There is always a danger when a person is prescribed a pain killer. For one, there is a limit to what the body can take when it comes to pain. For another, pain killers cannot be used for long periods of time. Between these two risks, there is also the matter of addiction to pain killers. The temporary release from pain is a welcome feeling. On top of that the patient yearns for freedom from the pain.
This is the first step in getting addicted to prescription pain killers. This makes for a compelling reason for the use of medicinal marijuana.
The problem of hindrance to marijuana is chronological. It was first used as a recreational drug. The narcotic effects of marijuana are well known. It is also well-known that marijuana has become an entry-level drug to the use of more potent hallucinogens. Most drug users during the 1960s and 1970s started out with marijuana, before using LSD and heroin. On the other hand, most morphine addicts started out as hospital patients who were prescribed morphine for the pain. In the same token, opium users most probably had opium as their first drug, in an opium house.
The prohibition of marijuana stemmed from its association with other drugs. That was enough to classify it as both an addictive drug and a prohibited or illegal drug, as well. Through the years, studies have shown that in terms of drug addiction, marijuana is the least addictive of prohibited drugs. It is has been proven to be less addictive than cigarettes or alcohol. There are, of course, other side-effects to marijuana use, which puts it at par with alcohol and cigarettes. Excessive use can lead to mutated sperm cells, as well as a lowered libido. It can also lead to damage to brain cells. Which means that it has the same long-term effects as alcohol, or nicotine, but not as bad as steroid use for muscle growth.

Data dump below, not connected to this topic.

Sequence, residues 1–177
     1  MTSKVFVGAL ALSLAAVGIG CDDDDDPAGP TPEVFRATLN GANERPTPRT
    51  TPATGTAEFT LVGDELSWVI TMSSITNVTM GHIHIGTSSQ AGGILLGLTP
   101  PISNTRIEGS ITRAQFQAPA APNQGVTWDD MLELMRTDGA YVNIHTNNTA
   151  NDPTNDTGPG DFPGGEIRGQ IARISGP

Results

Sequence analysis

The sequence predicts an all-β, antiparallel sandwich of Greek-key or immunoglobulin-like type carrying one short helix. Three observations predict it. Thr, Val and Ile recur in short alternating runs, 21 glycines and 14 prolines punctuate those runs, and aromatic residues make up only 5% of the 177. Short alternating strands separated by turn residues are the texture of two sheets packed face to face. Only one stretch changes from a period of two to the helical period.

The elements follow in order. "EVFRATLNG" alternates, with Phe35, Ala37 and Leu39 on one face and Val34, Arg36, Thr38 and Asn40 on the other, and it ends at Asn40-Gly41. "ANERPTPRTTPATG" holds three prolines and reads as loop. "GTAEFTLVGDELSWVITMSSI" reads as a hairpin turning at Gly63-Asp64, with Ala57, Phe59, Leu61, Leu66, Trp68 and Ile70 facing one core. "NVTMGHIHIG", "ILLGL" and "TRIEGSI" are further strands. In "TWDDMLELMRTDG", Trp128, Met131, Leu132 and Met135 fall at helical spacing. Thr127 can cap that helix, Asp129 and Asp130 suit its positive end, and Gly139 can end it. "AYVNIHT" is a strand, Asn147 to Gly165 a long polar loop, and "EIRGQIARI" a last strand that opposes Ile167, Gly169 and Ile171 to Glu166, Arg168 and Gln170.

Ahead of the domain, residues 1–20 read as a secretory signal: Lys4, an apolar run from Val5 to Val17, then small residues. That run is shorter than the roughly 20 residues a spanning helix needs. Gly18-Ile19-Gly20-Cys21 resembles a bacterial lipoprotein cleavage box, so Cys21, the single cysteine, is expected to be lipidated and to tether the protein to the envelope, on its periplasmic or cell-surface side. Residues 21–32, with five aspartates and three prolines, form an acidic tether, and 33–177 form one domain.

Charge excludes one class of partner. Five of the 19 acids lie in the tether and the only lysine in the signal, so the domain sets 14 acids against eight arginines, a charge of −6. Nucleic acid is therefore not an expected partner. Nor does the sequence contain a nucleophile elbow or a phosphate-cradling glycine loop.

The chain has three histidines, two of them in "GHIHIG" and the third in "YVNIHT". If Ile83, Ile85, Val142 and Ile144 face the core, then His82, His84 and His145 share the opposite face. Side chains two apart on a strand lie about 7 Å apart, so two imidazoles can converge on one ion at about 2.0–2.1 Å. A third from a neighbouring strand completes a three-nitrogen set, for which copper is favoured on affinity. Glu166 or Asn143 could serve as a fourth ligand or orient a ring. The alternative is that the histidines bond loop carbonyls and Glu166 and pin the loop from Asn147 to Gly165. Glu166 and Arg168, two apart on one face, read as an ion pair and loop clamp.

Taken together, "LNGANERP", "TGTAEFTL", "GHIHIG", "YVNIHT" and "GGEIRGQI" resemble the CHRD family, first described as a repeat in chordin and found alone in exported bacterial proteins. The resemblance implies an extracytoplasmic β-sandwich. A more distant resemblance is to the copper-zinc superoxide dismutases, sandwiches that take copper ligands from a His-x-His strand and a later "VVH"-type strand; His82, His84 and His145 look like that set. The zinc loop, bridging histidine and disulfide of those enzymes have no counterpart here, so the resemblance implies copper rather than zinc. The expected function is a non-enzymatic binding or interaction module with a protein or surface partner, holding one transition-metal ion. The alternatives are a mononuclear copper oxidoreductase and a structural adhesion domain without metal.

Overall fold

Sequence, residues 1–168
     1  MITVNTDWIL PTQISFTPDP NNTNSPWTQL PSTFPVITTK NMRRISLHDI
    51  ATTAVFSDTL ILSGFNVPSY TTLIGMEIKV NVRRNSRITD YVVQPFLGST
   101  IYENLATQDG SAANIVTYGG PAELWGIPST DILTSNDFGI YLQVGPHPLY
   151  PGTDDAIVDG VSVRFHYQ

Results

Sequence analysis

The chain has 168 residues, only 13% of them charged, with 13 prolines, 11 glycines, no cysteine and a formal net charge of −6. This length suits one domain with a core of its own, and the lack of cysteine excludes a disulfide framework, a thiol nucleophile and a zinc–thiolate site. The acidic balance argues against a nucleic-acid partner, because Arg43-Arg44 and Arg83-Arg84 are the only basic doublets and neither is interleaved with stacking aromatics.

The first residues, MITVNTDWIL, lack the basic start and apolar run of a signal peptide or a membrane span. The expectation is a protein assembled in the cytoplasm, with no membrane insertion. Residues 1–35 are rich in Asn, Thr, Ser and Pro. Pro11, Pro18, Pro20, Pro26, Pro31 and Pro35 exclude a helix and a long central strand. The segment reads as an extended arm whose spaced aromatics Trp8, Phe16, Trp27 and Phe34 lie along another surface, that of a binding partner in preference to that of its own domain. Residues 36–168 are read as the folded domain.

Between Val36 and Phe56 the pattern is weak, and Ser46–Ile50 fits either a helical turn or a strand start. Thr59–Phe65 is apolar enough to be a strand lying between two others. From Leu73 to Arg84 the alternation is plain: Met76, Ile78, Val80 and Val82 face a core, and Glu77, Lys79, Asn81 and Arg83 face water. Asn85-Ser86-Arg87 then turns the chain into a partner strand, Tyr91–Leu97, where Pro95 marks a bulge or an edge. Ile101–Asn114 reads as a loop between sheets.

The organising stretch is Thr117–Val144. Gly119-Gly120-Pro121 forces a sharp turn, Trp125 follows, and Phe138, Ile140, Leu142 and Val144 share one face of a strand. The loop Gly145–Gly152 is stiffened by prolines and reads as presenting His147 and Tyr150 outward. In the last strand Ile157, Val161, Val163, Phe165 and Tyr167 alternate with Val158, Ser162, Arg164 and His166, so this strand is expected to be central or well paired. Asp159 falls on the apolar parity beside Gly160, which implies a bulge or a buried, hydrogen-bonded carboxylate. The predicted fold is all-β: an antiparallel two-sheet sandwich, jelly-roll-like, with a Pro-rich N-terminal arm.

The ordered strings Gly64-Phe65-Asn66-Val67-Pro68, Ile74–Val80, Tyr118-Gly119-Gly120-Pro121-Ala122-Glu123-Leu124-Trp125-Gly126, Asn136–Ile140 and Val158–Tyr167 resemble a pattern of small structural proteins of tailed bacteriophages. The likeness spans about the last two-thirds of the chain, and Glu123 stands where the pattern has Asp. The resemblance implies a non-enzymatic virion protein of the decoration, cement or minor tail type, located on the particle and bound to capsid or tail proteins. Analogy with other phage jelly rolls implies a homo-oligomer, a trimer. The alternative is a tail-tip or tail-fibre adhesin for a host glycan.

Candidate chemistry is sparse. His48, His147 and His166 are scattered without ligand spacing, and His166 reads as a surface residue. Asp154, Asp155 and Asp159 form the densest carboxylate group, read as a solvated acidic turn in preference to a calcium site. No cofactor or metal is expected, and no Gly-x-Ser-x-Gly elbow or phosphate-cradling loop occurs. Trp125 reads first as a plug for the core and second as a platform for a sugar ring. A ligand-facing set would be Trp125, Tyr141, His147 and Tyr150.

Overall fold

Through it all, there has been a large body of research showing that when used as a pain killer, it has the same efficacy as morphine, but does not have the addictive properties. Separate studies, have also shown that marijuana has some anti-cancer properties. If only for that reason, these studies about the medical benefits of marijuana should continue. There have also been additional studies on growing weeds in terms of the variants which have more medical benefits and less hallucinogens.
The question of use remains a problem until it becomes legalized. In New Zealand, it is estimated that more than 13% of the population between the age of 16 and 64 use it. In terms of usage, about 15% of the users smoke it at least ten times per month. In terms of country statistics, the country ranks 9th in marijuana consumption. It is included in the list of illicit drugs under the Misuse of Drugs Act of 1975.
For New Zealand, the problem, as with most countries, is that cannabis use leads to the experimentation and use of other illegal drugs. The New Zealand Law Commission has issued a recommendation to amend the Misuse of Drugs Act of 1975, and allow marijuana for medicinal purposes. The New Zealand Medical Association has supported the recommendation.